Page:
Overall, this feels very much in a similar vein to the beloved Brenden Frasier Mummy films and does, in my opinion, deserve far more love than it receives.




Fun and breezy

Simplifies the games


The CGI is distracting

Rather obvious white washing

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Raya And The Last Dragon: A Win For Kelly Marie Tran, A Loss For Everyone Else

Written by Luke Barnes

Raya And The Last Dragon is an animated action adventure fantasy film directed by Don Hall and Carlos Lopez Estrada. We follow Raya (Kelly Marie Tran), a warrior who sets out to collect all the pieces of the dragon gem, to save the world from a dark evil.

So before I get into this review, I just want to say how nice it is to see Kelly Marie Tran come out swinging like this after all the hate she endured online, it is truly inspiring.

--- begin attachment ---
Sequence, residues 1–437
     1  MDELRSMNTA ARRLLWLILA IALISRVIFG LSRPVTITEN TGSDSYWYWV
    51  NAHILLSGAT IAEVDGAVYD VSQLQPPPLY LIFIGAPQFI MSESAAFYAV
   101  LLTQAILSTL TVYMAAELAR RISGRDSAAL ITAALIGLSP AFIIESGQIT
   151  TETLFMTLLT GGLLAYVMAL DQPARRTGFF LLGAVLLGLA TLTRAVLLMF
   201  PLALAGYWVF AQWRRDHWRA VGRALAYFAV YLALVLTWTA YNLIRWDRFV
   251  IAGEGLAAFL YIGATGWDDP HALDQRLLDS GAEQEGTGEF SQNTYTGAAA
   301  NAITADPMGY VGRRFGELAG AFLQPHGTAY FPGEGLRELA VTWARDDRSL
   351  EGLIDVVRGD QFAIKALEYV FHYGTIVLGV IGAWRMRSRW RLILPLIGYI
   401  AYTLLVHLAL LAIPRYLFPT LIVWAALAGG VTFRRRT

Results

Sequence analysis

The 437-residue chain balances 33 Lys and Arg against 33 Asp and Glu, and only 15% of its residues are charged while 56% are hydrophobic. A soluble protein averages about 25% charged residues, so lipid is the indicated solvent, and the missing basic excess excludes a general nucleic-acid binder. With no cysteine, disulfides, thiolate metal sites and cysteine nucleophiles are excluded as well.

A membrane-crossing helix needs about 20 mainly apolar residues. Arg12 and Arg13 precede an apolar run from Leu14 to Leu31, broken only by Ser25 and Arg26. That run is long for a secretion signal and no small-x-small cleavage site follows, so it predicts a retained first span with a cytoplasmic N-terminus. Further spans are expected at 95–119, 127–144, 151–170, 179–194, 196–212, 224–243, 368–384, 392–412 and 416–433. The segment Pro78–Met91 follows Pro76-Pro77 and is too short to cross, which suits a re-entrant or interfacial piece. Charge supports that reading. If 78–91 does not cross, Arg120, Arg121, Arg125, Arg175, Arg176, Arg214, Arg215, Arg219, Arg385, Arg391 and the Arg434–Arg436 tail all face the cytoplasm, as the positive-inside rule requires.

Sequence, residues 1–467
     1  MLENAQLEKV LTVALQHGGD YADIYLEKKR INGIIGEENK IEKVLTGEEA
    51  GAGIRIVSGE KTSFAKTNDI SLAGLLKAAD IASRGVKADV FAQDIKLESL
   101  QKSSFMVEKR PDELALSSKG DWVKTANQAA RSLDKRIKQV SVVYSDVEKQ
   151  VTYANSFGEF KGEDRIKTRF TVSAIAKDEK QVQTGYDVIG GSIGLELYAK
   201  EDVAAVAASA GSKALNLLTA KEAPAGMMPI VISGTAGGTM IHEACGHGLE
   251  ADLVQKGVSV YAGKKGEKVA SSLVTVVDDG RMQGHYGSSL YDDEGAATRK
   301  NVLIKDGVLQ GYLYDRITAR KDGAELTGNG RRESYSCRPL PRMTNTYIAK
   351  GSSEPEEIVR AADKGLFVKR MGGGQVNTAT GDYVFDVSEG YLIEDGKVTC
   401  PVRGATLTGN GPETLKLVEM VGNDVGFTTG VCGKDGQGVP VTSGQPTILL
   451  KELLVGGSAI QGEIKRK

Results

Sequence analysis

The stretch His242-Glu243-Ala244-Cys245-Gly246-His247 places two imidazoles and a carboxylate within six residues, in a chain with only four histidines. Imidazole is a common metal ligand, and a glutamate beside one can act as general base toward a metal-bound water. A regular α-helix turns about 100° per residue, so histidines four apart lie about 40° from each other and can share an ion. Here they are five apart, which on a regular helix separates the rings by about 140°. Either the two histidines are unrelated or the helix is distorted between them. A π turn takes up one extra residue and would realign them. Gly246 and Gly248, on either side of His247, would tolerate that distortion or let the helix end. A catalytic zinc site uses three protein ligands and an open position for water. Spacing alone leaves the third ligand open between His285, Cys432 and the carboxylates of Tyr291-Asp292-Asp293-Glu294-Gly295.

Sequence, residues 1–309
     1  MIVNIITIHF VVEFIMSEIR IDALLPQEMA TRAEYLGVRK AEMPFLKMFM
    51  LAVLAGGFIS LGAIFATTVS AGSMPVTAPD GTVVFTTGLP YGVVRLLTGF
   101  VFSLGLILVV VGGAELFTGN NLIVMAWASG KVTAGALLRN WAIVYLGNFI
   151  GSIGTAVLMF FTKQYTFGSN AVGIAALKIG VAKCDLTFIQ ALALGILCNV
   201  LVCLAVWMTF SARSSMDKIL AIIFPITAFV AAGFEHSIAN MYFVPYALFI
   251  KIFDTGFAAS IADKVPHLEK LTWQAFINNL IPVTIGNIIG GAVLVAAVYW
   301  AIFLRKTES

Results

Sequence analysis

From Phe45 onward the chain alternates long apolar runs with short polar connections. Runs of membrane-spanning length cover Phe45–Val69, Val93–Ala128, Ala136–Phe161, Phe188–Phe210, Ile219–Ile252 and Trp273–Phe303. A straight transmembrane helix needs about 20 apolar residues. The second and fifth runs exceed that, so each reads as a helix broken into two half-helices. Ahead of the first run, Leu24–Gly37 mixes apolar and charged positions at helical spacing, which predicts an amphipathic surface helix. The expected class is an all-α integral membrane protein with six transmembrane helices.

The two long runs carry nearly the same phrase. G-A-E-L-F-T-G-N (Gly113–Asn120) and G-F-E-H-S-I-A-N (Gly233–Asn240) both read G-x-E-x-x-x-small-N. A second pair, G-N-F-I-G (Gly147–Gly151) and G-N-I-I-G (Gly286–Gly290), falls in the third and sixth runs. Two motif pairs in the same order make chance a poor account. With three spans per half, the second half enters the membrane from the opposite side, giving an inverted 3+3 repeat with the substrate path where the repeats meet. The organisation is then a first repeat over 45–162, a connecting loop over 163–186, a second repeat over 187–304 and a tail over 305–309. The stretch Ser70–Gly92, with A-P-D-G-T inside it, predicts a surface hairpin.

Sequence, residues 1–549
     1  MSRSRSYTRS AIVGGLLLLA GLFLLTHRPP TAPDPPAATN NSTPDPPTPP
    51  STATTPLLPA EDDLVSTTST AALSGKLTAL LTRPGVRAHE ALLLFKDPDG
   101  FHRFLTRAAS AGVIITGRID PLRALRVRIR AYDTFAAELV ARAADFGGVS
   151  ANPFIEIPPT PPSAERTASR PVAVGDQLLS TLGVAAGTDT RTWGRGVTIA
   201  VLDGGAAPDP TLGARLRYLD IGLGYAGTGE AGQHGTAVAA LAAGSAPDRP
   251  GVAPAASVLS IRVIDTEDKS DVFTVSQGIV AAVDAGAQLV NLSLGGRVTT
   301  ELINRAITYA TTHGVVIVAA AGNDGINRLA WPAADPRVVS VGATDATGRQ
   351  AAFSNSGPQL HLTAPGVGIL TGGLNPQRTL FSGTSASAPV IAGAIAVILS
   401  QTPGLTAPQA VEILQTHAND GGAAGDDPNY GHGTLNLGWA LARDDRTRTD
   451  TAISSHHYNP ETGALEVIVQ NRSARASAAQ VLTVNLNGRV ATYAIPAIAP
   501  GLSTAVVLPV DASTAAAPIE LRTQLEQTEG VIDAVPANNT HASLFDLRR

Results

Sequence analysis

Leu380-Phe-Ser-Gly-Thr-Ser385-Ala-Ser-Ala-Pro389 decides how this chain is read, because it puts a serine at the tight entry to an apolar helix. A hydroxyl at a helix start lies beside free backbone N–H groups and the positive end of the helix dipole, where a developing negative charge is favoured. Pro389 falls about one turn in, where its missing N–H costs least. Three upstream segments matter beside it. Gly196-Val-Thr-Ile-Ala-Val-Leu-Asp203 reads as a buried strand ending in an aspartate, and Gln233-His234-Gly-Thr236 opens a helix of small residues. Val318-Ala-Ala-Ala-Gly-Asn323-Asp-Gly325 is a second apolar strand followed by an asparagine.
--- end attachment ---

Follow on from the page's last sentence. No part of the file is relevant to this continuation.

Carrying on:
I enjoyed the premise and thought the story was a neat idea, it was original yet also a little familiar.

However, sadly that is where my praise for this film ends. I did not hate this film, but I did think it was very, very generic.

So firstly, none of the characters feel likeable- they just don’t click. They all have their moments here and there across the course of the film, but these aren’t enough and the second the film ends you forget all about it and its character’s none of them leave an impact on you.

Likewise the emotional heart of this film feels very hollow. The two big driving forces in terms of the heart of the film, are Raya being able to revive her dad and Raya’s rivalry with her arch enemy Nammari (Gemma Chan), both of these plot threads are resolved, but the payoff leaves you feeling cold and unmoved. Disney animation needs to take a few cues from Pixar to fix this.